Dylan Teuns

Dylan Teuns wins this year's Arctic Race of Norway stage one.

Teuns is looking forward to returning to the start line in Belgium. "It's always nice to race on home soil, and this is a parcours that suits me well. Grand Prix de Wallonie is another typical Ardennes race, and I have already shown that I can perform well in this region over the 2017 season. I am going into the race after the two Canadian one-day races, so I hope that I recover well. I really enjoy this style of racing, and I am motivated to try and go for a good result with the team," Teuns explained.

Grand Prix de Wallonie (13 September)

Rider Roster: Martin Elmiger (SUI), Floris Gerts (NED), Ben Hermans (BEL), Patrick Müller (SUI), Joey Rosskopf (USA), Dylan Teuns (BEL), Nathan Van Hooydonck (BEL), Loïc Vliegen (BEL)

Sports Director: Valerio Piva (ITA)

Team Sunweb's plans for the World Championship's time trial

The team sent me this preview:

Both Team Sunweb's men and women programs head to Bergen this week for the UCI World Championships. First on the agenda is the team time trial on Sunday, 17th and both programs line-up with strong teams for the race. The course for both the men and women is the same, a 42.5 kilometre route from Ravnanger to central Bergen. After a flat section to give riders chance to settle into a rhythm, riders are tasked technical section, a climb followed by another flat section, a second climb and a cobbled section towards the finish.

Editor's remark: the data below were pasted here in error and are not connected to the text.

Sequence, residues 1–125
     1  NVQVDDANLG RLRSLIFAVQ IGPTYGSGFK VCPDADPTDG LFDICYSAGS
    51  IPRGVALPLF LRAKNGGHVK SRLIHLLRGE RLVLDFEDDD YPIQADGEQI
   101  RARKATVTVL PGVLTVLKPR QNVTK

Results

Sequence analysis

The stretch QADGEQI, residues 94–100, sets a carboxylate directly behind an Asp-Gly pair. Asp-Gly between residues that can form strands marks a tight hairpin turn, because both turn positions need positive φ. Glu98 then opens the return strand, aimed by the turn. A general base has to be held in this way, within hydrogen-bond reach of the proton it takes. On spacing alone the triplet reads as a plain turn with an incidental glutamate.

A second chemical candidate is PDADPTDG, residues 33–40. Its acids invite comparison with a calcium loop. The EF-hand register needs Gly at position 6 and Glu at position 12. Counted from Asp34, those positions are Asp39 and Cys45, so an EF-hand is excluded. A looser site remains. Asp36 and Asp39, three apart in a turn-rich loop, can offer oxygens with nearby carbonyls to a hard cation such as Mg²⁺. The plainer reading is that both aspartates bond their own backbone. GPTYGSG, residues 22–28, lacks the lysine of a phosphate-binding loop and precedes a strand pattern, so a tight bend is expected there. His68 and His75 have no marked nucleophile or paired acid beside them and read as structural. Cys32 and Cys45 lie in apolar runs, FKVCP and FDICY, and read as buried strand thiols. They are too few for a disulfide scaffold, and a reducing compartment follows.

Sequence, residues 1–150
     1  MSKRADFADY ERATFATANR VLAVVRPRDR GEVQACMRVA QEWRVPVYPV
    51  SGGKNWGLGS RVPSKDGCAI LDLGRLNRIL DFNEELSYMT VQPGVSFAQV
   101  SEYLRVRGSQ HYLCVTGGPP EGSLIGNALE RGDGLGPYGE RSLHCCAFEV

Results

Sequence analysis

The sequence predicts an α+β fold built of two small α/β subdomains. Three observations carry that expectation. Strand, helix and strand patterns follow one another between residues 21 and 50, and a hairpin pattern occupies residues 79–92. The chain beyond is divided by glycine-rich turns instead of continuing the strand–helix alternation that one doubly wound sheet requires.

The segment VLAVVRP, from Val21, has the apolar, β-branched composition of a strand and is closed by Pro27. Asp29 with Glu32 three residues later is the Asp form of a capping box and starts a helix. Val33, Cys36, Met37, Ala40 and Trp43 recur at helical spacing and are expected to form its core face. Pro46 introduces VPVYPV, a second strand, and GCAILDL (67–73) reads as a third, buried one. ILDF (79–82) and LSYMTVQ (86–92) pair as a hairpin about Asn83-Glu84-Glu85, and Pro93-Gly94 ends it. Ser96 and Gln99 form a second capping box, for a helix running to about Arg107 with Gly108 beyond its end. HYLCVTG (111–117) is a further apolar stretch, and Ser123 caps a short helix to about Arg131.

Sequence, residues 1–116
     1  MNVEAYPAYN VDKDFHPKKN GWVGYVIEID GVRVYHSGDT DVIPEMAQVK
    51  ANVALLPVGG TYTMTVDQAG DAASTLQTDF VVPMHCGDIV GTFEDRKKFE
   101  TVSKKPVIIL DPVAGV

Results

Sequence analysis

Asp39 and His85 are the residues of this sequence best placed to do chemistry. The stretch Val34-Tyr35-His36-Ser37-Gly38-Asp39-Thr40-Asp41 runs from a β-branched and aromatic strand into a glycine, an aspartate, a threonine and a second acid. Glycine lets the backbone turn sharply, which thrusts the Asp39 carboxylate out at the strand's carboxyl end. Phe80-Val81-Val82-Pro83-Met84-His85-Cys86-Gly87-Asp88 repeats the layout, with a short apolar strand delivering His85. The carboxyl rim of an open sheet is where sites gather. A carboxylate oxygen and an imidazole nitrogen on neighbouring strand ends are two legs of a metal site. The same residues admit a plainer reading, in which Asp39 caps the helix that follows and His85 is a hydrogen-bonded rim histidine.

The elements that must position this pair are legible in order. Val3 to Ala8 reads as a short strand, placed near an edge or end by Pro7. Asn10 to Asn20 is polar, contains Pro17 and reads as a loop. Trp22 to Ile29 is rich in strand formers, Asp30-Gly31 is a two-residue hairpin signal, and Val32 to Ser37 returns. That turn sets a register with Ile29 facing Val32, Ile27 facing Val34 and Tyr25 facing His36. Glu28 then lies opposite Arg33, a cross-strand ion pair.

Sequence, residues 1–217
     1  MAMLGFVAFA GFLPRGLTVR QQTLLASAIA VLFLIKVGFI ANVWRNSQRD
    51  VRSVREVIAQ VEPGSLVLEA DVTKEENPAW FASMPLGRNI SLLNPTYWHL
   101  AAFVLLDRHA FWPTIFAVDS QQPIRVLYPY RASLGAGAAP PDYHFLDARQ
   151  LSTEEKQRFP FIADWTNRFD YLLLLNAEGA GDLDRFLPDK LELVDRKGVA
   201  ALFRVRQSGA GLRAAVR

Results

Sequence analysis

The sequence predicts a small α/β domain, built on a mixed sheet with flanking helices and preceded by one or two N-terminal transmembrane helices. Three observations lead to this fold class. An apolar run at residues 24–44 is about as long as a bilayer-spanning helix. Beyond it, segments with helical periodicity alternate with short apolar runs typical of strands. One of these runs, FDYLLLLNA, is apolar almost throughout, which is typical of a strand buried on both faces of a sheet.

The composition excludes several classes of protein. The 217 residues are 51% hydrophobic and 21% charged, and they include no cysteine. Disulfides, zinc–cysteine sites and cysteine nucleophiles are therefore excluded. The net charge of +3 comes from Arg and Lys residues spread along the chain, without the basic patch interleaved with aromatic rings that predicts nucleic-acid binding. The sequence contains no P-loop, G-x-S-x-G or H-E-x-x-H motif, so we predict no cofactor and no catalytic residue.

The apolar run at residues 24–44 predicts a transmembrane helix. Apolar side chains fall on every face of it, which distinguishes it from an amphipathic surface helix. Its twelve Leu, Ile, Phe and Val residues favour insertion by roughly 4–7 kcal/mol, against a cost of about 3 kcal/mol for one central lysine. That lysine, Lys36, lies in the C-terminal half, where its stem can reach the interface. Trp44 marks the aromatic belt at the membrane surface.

Team Sunweb's Coach Adriaan Helmantel (NED) said: "This is a challenging course with various ups and downs and we line-up with a strong and motivated team from both our men's and women's programs. Our scientific expert Teun van Erp made extensive analysis of the course based on a recon from earlier this year to determine the optimum rider order and pacing plan for Bergen.

"Our men's program have just come out of a great Vuelta and some good racing in Canada so are in top shape. Sam and Lennard both had to abandon the Vuelta and are fully recovered again and back on track for Bergen. Tom and Wilco have shown really strong TT's across the year with Tom winning the Giro's time trial and Wilco finishing 2nd in the Vuelta's TT. To round off the team we have Søren and Michael who are more explosive riders with the characteristics needed for a course of this nature. Our scientific expert Teun van Erp, has prepared extensive analysis of the course to ensure that

"We believe that our women's team are in contention to take a medal in Bergen, but it will be a fierce battle. We have spent some time training to perfect our technique over the past few months and have a final block coming up this week to further fine-tune. Each rider is a strong time trialist in their own right. We have the European ITT champion with Ellen and a powerhouse with Lucinda. Alongside these two we have the fast-women Leah and Coryn with Sabrina who is good on the climbs and Floortje who is strong against the clock. After a strong result in the Giro Rosa's TTT the team are motivated to take a strong result this weekend."